Built in 1940 by Robert Henry McAnelly, the McAnelly Building is located at 215-219 South Market Street. It is a two-story, red-brick building with a cornice and a soldier row of brick. The panel below the cornice displays the legend "McAnelly, 1940.” There are six plate glass display windows. These stores are separated by a stairway to second floor. The left retail space with the 215 address is larger than the right side with the 219 address.

The McAnelly Building currently houses the Family Life Center and the Drug Testing Program Management groups on the left, and the right side is unoccupied (the name on the windows is Patrick J. Hood and F. Brian Rice, Attorneys at Law). The S & H Surveying Company is located upstairs.

Current view: Family Life Center and unoccupied

The McAnelly Building has been home to a number of businesses. As noted earlier, building is asymmetrical; the left side is larger than the right side. When the building was built, the first tenant was David Lee department Store. In the 1956 phone book, the left side of this building housed the David Lee was department store, and the right side housed Scottsboro Jewelry. David Bradford remembers that Scottsboro Jewelry was the only shop in Scottsboro to carry high-end music instruments, stocking guitars by Fender and Gibson. In 1965-67, the left side was home to Mac’s Auto Electrical Parts and Service, while Scottsboro Jewelry continued on the right. In the 1970 and 1972 city directories, the left side of the building was empty. By 1975, the entire building was devoted to Western Auto, which had moved here from the Benson Building. In the late 1970s, the right side of this building was home to Ferrell Hallmark, owned and operated by Charlotte Mettenberger.

Robert Henry McAnelly and his undertaking business

Henry McAnelly was the first board certified embalmer in Jackson County. He went to an embalming school in Nashville, and operated a funeral home from his furniture store from about 1914 or 1915 until shortly before he was elected Jackson County Probate Judge in 1934 in a building that was torn down when the Proctor Building was built.

He married Lula Wilhelm and they had one child, a daughter Opal, a accomplished pianist who was the apple of her father’s eye. Great niece Ann Chambless remembers stories that her mother told of the early days of this building. Robert Henry McAnelly married her grandfather Houston Wilhelm’s sister Lulu. Her mother Era Coe was an only child and so was her first cousin Opal McAnelly, daughter of R. H. and Lulu. The almost-sister pair of cousin played in this building as children. They would go up the 2nd floor where Mr. McAnelly stored his coffins and test out every one of them to decide which was the softest.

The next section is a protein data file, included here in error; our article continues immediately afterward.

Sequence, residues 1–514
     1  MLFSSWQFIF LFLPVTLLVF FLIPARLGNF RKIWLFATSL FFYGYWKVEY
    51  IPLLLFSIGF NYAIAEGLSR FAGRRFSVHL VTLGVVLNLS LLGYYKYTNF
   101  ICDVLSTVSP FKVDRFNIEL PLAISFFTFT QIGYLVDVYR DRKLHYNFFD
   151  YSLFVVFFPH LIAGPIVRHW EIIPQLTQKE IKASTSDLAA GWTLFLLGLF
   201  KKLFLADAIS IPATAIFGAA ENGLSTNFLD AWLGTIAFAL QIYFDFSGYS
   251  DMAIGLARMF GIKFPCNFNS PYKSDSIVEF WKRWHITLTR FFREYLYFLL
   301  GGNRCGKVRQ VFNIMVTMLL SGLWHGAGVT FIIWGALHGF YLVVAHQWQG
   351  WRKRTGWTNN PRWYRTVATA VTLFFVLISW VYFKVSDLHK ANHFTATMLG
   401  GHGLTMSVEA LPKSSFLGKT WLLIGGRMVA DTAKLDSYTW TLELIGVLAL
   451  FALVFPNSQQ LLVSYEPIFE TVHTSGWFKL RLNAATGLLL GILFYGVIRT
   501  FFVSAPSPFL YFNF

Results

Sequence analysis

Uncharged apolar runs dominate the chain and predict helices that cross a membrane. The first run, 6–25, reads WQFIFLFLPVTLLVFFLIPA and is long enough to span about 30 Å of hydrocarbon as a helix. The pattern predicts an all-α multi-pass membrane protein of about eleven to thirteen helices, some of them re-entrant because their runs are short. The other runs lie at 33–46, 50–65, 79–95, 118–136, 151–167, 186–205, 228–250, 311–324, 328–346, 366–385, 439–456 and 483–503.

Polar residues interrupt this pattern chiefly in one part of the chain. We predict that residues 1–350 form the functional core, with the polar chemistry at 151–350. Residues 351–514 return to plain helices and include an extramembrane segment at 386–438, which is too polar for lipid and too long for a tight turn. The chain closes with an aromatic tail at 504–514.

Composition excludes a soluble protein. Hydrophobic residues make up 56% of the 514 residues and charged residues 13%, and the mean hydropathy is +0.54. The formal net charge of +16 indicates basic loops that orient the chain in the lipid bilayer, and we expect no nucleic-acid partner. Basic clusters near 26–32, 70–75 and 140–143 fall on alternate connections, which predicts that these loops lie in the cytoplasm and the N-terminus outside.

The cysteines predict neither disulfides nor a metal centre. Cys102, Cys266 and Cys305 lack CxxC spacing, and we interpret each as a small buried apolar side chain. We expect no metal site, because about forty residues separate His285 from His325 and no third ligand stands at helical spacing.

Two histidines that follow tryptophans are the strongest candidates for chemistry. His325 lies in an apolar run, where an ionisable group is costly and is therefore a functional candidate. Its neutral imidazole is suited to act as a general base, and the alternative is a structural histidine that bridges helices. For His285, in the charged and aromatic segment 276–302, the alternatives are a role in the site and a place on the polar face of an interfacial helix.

Opal died in 1930 of tuberculosis at age 17. The illness ran rampant in the Wilhelm family, and six years after Opal died, it also claimed his wife Lula. For a time, Henry suffered a breakdown. When he began to recover, he changed everything about his past life. He sold the funeral home business and built the McAnelly Building in 1940 and lived upstairs. His great niece Ann Chambless remembers: “He was compassionate man who spoke with sadness about burying nine people in the same family during the flu epidemic in 1919. It was obvious to me as a young girl, this tragedy really bore on his mind and stayed with him until his own death.”

In the mid-1940s, Henry McAnelly became a partner in the McAnelly-Word-Yates Funeral Home. When Henry died in 1949, the funeral home became Word-Yates and later, when Bill Yates died, Word-Bolton Funeral Home. The Heritage Center has the original death records from the McAnelly Funeral Home. “These records were in his upstairs apartment in the McAnelly Building when he died,” Ann explains, “and remained there until I located them when my first cousin Jim Sentell purchased the McAnelly Building and I got them donated to the Heritage Center.” A 1960 photo of Word-Boulton is shown below. This building was eventually remodeled and is currently Rudder Funeral Home.

Tenants of the McAnelly Building

Phone books and city directories provide some insight into the the people and businesses who shared their past with the McAnelly Building. Based on the number of addresses listed by city directory workers, there were 11 offices upstairs in the McAnelly Building.


  • Mary B. Brewer Insurance Agency
  • Emergency Aid Insurance
  • Loy Campbell, Attorney (who later was a judge and had his office in the courthouse before moving to the Campbell Building)
  • Emergency Aid Insurance Company
  • Army Recruiting Station

  • Campbell & Campbell
  • County Solicitor
  • Mary B.Brewer Agency
  • Mutual Savings and Load Insurance Company


  • Campbell & Campbell and County Solicitor (Rooms 1 an 2)
  • Mack’s Studio (Room 11)


  • Campbell and Campbell, Attorneys

In 1975, there were no occupied offices are in the McAnelly Building.

1930: tenants of the Proctor building predecessor

1958: a good view of the McAnelly building during a parade

1960: city directory ad for Word Bolton funeral home

McAnelly Building in 1975